A Chinese Odyssey 2002 (Tian xia wu shuang) - 2002
When local restauranteur Li Yilong, Tony Leung Chiu-Wai, returns to his home town after a two-year trip afield, (loafing) he's dismayed to find his lovely but hoydenish Little Sister still unmarried and apparently without much hope. Phoenix, Zhao Wei, has immersed herself in the business and abandoned all femininity. No wonder, as her brother is the infamous "Bully the Kid" and empties the street with a glance. He too, is pining for a lost love.
Meanwhile, back at the Palace, the young Ming Emperor Zheng Die, Chang Chen and his sister, Princess Wushang Faye Wong are bored, Kept relentlessly under the thumb of the Queen Mother, their somewhat idle and cockamamie efforts to escape are routinely thwarted. (Some excellent play-by-play here.) What's to do?
Few will miss the inevitable course of events unfolding here but the way is indeed not straight. The team of Director Jeffrey Lau and Producer Wong Kar-Wai have offered up a kinder, gentler fantasy than 1993's insane The Eagle Shooting Heroes (*****) and done it with wit and grace.
This is a true Hong Kong film, complete with loony anachronisms, some truly pathetic martial arts, a bit of song and dance and the usual gender confusion. (Faye Wong is about as male as her predecessors Brigitte Lin Ching-hsia, Anita Mui Yim-fong and, for God's sake, Cecilia Cheung.) The film also benefits from the work of Rebecca Pan as the Queen Mother and the always bright spark and often underused Athena Chu, as Amour Amour; "In Chinese? Ro-Man-Tique", a gadfly seer, Cupid or just plain bum.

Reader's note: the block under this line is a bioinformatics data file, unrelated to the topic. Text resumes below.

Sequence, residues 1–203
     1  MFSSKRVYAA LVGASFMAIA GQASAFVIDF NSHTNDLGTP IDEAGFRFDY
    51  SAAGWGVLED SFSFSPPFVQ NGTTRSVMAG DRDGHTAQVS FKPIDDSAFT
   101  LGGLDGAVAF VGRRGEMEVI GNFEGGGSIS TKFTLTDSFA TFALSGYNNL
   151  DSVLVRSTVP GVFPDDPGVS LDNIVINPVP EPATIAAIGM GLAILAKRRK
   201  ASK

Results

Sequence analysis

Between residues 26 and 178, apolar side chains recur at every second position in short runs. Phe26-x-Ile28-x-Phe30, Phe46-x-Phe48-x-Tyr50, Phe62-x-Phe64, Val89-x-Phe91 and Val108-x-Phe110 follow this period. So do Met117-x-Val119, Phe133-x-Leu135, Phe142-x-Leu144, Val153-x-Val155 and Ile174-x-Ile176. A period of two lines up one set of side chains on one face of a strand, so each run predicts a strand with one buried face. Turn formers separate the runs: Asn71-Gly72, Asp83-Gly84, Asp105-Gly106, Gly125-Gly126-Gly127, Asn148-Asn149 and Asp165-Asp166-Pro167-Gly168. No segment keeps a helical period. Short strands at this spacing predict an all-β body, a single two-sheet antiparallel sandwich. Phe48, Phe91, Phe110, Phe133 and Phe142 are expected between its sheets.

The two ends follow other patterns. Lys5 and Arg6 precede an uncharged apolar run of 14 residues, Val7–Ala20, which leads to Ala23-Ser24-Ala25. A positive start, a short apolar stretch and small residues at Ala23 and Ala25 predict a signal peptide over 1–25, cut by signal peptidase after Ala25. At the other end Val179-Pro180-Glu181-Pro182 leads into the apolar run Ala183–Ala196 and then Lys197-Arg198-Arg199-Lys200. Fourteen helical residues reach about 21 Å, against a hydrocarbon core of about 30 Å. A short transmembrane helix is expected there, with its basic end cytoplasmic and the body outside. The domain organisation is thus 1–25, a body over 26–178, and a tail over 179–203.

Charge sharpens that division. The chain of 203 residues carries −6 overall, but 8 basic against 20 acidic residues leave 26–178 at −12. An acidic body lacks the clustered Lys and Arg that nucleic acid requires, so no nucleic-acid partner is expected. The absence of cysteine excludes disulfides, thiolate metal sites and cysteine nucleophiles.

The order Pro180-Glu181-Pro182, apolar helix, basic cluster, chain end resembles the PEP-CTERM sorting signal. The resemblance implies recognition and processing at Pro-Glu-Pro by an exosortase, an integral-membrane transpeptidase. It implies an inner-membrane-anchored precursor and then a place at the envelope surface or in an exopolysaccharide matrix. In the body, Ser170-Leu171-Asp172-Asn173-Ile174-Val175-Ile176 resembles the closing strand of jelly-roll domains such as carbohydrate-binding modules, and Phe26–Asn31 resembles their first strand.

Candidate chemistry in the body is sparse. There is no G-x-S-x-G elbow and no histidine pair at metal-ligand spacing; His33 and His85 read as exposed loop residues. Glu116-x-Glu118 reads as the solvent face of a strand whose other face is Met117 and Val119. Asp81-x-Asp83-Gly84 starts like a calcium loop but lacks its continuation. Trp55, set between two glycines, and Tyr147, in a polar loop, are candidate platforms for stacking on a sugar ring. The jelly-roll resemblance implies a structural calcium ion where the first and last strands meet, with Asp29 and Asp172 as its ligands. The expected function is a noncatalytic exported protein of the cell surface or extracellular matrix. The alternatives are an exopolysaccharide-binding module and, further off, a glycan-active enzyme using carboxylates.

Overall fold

For those who have only seen Tony Leung, Rebecca Pan, Chang Chen or Faye Wong in such art-house fare as 2046, In The Mood For Love, Crouching Tiger, Hidden Dragon or Chungking Express, take a look at the true range of these actors. (A later post will discuss why Maggie Cheung Man-Yuk is the funniest woman alive.)
Altogether, this is a film for movie lovers; a sweet and funny journey without obscure digression into film school obscurantism or the posturing attitudes of many Western actors prone to mail it in and collect their check. The word here is delightful.